The American Bankers Association (ABA) warned lawmakers of the "real world trade-offs" that would come with the launch of a central bank digital currency (CBDC), ahead of a Senate Banking Committee hearing set for Wednesday.
"The proposed benefits of CBDCs to international competitiveness and financial inclusion are theoretical, difficult to measure, and may be elusive, while the negative consequences for monetary policy, financial stability, financial intermediation, the payments system, and the customers and communities that banks serve could be severe," the group wrote in its letter to members of the committee.
Wednesday’s hearing comes as the Federal Reserve has indicated public and congressional input will be necessary before action on a CBDC is taken. The Boston Fed, which is working alongside Massachusetts Institute of Technology (MIT) researchers to develop software that would move, store and settle transactions with digital dollars, has also said it could unveil some of their work as early as next month.
"[A]fter a careful review of the benefits and risks of various proposals to implement a CBDC, it does not appear that a CBDC is well-positioned to enhance underlying financial capabilities or extend the reach of financial services in well-developed markets, at least not in the U.S. context, despite the overly optimistic promises from proponents," the trade group wrote.
The heightened global interest in CBDCs is instilling a sense of urgency in some lawmakers and think tanks who fear the U.S. is at risk of being dethroned as the globe’s financial leader if it doesn’t move on CBDCs fast enough.
"We cannot be left behind," Senate Banking Committee Chairman Sherrod Brown, D-OH, wrote to Powell in May, urging him to accelerate the research into a CBDC.
Powell, for his part last month, said the Fed will issue a paper this summer designed to “stimulate broad conversation” about a CBDC.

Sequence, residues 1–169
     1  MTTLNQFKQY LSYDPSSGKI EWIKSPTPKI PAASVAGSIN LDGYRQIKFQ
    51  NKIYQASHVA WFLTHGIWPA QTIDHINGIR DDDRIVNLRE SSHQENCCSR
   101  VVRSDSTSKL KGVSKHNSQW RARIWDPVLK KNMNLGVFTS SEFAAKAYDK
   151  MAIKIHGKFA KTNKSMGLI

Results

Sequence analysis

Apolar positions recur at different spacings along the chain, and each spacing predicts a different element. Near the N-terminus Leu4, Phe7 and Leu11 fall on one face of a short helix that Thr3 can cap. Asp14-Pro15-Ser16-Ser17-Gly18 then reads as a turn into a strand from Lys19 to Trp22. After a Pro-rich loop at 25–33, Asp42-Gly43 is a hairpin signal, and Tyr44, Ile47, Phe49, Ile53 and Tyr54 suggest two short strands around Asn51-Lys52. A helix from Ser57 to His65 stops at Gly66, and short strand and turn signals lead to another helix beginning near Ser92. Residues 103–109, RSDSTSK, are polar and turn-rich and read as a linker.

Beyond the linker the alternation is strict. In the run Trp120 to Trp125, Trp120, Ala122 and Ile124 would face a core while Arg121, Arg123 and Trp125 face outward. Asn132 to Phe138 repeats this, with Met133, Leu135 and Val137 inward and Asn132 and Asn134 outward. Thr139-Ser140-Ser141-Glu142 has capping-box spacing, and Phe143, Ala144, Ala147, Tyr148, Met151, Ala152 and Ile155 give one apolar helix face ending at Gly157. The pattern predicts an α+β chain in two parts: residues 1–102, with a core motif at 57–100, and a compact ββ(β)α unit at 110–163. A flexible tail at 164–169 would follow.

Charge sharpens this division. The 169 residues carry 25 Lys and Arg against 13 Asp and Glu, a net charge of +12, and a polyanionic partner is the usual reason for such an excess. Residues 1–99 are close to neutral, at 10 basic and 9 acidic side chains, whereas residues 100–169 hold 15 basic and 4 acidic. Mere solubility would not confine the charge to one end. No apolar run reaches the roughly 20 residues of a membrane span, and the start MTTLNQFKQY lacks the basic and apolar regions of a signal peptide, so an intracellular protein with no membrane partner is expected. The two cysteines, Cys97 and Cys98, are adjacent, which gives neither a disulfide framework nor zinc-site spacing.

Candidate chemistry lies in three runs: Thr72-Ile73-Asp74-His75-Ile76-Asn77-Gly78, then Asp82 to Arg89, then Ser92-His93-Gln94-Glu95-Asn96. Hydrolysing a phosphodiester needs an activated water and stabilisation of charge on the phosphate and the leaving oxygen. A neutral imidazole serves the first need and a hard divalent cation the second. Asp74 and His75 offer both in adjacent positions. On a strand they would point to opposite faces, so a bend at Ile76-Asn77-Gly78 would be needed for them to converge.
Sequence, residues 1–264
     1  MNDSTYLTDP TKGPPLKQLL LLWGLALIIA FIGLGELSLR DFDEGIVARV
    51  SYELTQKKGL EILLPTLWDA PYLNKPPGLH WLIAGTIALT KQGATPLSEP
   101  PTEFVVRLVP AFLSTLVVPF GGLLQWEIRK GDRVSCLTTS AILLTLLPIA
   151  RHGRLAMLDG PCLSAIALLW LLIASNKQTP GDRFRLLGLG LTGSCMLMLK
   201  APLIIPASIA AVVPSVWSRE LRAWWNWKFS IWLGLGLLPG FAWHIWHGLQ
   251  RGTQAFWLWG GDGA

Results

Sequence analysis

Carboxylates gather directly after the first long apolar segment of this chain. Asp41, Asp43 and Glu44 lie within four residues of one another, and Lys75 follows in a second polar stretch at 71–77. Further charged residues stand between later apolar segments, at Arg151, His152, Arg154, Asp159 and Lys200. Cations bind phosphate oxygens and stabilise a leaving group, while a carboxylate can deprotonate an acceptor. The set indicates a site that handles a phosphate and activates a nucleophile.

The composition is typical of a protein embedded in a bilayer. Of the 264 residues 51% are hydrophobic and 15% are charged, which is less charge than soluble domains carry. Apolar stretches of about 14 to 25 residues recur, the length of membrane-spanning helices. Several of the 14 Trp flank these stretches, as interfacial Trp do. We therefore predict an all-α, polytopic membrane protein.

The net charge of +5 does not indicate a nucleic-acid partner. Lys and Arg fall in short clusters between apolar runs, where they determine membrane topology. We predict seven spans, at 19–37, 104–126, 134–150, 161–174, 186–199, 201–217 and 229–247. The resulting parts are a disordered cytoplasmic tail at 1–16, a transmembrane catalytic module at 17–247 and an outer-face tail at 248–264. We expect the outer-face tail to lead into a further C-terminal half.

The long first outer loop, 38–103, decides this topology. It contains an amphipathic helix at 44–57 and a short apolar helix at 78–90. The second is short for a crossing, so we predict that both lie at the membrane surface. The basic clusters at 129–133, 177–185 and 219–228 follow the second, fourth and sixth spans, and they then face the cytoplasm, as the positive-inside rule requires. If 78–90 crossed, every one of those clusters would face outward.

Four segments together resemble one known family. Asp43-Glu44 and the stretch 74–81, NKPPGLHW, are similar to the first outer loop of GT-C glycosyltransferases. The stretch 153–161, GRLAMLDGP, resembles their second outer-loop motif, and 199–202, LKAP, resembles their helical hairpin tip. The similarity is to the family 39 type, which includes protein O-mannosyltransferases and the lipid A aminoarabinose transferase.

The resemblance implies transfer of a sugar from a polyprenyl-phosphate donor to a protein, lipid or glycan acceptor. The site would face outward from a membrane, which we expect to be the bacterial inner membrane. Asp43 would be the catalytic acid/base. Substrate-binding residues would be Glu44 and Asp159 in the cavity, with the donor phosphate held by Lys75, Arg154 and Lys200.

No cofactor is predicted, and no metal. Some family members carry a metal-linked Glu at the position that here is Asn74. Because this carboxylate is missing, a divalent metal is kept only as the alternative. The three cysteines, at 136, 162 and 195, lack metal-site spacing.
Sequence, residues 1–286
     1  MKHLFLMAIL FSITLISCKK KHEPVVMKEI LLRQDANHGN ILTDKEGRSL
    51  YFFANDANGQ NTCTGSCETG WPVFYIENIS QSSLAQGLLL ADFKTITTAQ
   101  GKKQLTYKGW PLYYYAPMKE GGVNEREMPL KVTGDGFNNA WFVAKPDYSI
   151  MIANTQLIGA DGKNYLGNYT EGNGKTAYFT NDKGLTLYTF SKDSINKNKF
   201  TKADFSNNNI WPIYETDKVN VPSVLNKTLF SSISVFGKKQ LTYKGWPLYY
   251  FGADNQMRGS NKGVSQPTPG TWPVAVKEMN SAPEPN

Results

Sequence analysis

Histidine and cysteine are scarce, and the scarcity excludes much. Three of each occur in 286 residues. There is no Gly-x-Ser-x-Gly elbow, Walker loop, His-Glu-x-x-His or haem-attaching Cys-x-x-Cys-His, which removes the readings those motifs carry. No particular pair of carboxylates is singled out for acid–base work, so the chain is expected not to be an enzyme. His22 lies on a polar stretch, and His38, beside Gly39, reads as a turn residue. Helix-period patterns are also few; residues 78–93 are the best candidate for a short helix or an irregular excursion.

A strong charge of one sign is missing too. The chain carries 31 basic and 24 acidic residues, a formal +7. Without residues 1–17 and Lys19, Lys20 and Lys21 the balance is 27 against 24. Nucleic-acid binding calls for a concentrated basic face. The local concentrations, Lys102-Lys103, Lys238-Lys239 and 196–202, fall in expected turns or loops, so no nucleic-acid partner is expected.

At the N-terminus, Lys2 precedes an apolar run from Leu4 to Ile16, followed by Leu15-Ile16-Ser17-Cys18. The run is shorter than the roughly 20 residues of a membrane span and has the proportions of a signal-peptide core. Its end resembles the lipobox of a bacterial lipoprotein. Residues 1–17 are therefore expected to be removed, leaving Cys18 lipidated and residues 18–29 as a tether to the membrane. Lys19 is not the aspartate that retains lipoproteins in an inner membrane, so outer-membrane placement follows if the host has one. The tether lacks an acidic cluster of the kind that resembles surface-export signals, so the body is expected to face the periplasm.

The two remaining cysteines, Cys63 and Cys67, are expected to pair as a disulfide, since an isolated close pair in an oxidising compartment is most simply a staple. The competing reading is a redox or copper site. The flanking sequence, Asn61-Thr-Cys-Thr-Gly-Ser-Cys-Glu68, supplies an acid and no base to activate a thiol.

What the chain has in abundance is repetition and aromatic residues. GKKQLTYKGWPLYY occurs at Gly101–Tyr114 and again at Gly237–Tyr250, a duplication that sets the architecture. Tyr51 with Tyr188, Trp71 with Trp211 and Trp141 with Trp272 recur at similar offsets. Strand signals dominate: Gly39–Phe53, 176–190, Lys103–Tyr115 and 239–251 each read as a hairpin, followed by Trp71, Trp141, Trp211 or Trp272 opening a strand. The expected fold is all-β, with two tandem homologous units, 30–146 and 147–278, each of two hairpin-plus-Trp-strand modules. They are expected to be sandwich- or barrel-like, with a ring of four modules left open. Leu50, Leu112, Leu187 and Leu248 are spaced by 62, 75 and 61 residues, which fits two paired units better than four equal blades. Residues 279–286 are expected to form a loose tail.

“While various structures and technologies might be used, a CBDC could be designed for use by the general public,” Powell said in a brief video and statement posted on the Fed’s website. “Our key focus is on whether and how a CBDC could improve on an already safe, effective, dynamic and efficient U.S. domestic payments system.”
Powell added that the Fed believes “it is important that any potential CBDC could serve as a complement to, and not a replacement of, cash and current private-sector digital forms of the dollar, such as deposits at commercial banks.”
China, which has been researching a digital yuan since 2014 and has launched pilot projects across the country, plans to showcase its progress by allowing foreign athletes and visitors to use the digital currency during the Beijing Winter Olympics next year, according to CNBC.
Several other countries, including Sweden and the U.K., are also exploring CBDCs, and the European Central Bank said it plans to release an analysis on CBDCs this summer.
But, like fellow bank trade group the Bank Policy Institute (BPI), the ABA warned policymakers should not be swayed by international peer pressure and should proceed with "extreme caution" when it comes to the digital coin.
The ABA argued the U.S. already has a "well-developed and robust financial system in place," and should not implement a CBDC simply because others are doing so.
The group said it supports the Federal Reserve’s "thoughtful and considered approach" and said the forthcoming Boston Fed findings will be an important next step for understanding the feasibility of CBDCs.
The group also called for the Federal Reserve to publish a risks and benefits analysis with input from the U.S. Treasury and other banking regulators before a CBDC is introduced.
"Given the additional complexity, delay, and transition costs involved in creating a new form of money, there are strong efficiency interests that suggest CBDC should only be pursued as a final option to meet clearly-defined public policy goals that cannot be achieved through payments innovations that leverage existing digital dollars," the group wrote. "As of today, those use cases have not emerged. If a viable use case for CBDC in the United States does emerge in the future, design choices must be carefully considered to ensure that the benefits as well as the risks of introducing a CBDC are fully appreciated."